Computing history is littered with the corpses of solutions overtaken by technology. However, the problems they were set up to address have not gone away, says Nic Holt, technical architect with Fujitsu.
Take database searches, for example. In the 1970s ICL developed the contents-addressable file store, or Cafs. In an age where mainframes ran with 128kb of memory, Cafs was a database appliance, essentially disc storage with built-in search facilities. This removed the onerous task of finding exact matches to wild-card queries from the mainframe. The result was about a 20 times improvement in throughput, Holt says.
However, the cost of memory dropped to the point where it was affordable to run the entire database in main memory. "Today we are running systems with 138Gb, big enough for many databases," Holt says.
Much of the functionality of Cafs migrated into software that ran on later generation mainframes. Given their extra memory capacity, it made little sense to have a separate device just for database queries. Instead, Holt says, the search is on for better algorithms to speed up the finding and matching of search items.
However, Cafs-like devices with solid-state rather than spinning memory may soon be more common. Teradata, for instance, is making a good living off the need to process massive amounts of data in close to real time. With the volume of data to be processed rising constantly, and as the sensor-based "internet of things" comes to life, processing it all will require big leaps in capacity.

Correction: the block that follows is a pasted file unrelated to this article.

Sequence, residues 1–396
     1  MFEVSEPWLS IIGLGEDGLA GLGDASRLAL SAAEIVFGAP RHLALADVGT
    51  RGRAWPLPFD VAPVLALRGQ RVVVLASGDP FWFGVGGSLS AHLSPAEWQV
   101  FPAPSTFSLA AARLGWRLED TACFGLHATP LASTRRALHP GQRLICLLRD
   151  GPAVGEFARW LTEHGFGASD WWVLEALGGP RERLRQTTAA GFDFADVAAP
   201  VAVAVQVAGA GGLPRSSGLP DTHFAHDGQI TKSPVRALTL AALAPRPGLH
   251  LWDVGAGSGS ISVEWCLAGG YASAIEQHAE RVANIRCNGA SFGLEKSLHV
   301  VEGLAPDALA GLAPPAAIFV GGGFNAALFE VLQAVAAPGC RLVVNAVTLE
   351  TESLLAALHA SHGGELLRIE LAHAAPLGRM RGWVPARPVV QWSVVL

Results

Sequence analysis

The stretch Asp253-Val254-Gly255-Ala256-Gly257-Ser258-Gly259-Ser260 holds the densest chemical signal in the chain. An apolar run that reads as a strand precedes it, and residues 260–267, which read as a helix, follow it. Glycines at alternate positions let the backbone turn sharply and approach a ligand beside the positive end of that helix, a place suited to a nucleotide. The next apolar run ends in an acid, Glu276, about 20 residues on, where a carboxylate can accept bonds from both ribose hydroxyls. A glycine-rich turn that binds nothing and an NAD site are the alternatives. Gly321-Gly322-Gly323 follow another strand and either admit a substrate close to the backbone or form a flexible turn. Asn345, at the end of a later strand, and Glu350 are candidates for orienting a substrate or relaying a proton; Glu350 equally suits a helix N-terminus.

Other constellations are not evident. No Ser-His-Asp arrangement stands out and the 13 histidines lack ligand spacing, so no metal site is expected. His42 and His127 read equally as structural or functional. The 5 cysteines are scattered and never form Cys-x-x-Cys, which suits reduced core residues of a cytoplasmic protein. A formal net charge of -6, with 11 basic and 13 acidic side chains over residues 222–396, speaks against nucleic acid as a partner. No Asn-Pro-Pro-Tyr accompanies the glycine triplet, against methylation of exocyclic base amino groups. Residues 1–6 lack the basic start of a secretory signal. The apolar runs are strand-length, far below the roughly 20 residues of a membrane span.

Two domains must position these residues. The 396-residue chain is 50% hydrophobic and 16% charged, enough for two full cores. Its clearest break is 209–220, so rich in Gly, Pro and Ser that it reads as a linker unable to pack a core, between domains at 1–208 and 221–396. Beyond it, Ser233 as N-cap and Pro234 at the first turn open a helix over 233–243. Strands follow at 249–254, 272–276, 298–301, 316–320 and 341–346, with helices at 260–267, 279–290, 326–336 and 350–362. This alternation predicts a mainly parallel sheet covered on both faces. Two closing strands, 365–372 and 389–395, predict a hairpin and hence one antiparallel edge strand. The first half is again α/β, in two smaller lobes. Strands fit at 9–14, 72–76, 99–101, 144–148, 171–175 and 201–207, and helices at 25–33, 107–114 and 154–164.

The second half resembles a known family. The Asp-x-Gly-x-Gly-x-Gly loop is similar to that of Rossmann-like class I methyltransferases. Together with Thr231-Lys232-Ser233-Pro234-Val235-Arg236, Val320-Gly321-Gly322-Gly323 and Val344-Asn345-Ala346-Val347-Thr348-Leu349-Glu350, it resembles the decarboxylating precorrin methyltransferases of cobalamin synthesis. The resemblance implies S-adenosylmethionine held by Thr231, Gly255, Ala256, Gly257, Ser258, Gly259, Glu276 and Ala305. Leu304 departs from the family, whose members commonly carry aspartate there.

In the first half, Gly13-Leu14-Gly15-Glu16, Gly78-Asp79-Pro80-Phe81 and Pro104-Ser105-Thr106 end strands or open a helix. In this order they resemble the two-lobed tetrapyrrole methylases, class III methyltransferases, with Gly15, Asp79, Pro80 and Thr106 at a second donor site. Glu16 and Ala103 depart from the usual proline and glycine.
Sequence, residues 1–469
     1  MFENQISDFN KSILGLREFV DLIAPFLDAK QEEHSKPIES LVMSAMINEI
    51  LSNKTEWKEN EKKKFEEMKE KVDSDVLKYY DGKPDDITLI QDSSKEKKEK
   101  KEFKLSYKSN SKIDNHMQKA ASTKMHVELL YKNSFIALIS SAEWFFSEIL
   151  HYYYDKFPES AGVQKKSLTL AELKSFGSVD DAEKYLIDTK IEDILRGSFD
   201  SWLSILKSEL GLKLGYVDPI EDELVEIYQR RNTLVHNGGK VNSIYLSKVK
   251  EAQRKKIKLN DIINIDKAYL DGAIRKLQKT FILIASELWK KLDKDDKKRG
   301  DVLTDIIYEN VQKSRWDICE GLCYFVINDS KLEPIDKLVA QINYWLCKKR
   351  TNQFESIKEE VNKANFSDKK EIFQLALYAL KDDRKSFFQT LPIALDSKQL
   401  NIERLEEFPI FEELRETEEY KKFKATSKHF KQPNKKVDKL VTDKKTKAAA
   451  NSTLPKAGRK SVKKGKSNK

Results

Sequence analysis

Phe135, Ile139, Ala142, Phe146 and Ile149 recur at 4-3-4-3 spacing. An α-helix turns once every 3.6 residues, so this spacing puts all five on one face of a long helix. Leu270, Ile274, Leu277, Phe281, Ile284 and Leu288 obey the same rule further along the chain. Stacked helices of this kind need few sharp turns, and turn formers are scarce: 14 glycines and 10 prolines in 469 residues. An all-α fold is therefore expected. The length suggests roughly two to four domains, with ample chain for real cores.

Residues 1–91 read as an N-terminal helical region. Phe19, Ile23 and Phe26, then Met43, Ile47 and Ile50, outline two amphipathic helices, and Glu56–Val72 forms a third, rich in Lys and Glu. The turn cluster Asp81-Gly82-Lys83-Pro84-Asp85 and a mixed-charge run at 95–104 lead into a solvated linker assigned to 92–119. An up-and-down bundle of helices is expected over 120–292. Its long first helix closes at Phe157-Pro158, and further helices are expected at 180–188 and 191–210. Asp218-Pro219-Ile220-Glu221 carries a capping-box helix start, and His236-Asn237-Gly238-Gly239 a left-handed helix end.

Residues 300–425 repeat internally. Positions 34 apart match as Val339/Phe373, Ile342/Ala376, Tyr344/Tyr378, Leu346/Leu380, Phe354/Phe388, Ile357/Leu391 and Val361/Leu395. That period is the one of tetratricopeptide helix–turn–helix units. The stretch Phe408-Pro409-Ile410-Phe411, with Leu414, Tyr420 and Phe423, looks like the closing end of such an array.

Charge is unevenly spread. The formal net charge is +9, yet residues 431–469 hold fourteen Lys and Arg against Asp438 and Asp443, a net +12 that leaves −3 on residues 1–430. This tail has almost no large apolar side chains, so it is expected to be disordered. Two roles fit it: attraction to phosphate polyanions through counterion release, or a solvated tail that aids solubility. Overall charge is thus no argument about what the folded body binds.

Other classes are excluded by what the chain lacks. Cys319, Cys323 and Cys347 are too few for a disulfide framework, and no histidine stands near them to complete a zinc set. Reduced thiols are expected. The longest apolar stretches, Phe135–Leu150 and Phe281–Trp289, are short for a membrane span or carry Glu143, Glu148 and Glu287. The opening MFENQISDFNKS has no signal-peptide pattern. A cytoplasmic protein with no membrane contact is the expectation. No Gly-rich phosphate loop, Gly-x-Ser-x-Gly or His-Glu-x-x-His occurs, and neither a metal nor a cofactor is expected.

"But there will always be a break-even point at which the old solution is superseded by a new one," Holt says.
According to Holt, scheduling (data for processing) is an intractable problem with current technology. "A lot of people are waiting for quantum computing to see if it is a way forward," he says. But they may have to wait. Holt says commercial quantum computers are unlikely to hit showrooms for a decade or two.
Holt maintains that a lot of IT is driven by a product life-cycle management schedule rather than genuine advances. But sometimes genuine solutions exist but can't get to market.
This is the case with privacy, Holt says. This is a "technology versus society" subject, he says. He believes the IT specialists have a good grasp of the problem and its solutions, but emotion fires the political and social discourse. This heat, rather than light, is holding up the implementation of applications that could make a real and positive difference to peoples' lives.
"Unfortunately we are creating a society that is increasingly technologically illiterate," Holt says. "Even though everyone uses Facebook and Twitter, most don't understand the implications. We urgently need a better informed debate on this so that we can develop sensible solutions that can hold the executive authorities to account."
This will become increasingly important as information processing disappears into the cloud, where the source, collection and application of that processing becomes opaque to outsiders and to data subjects, he says.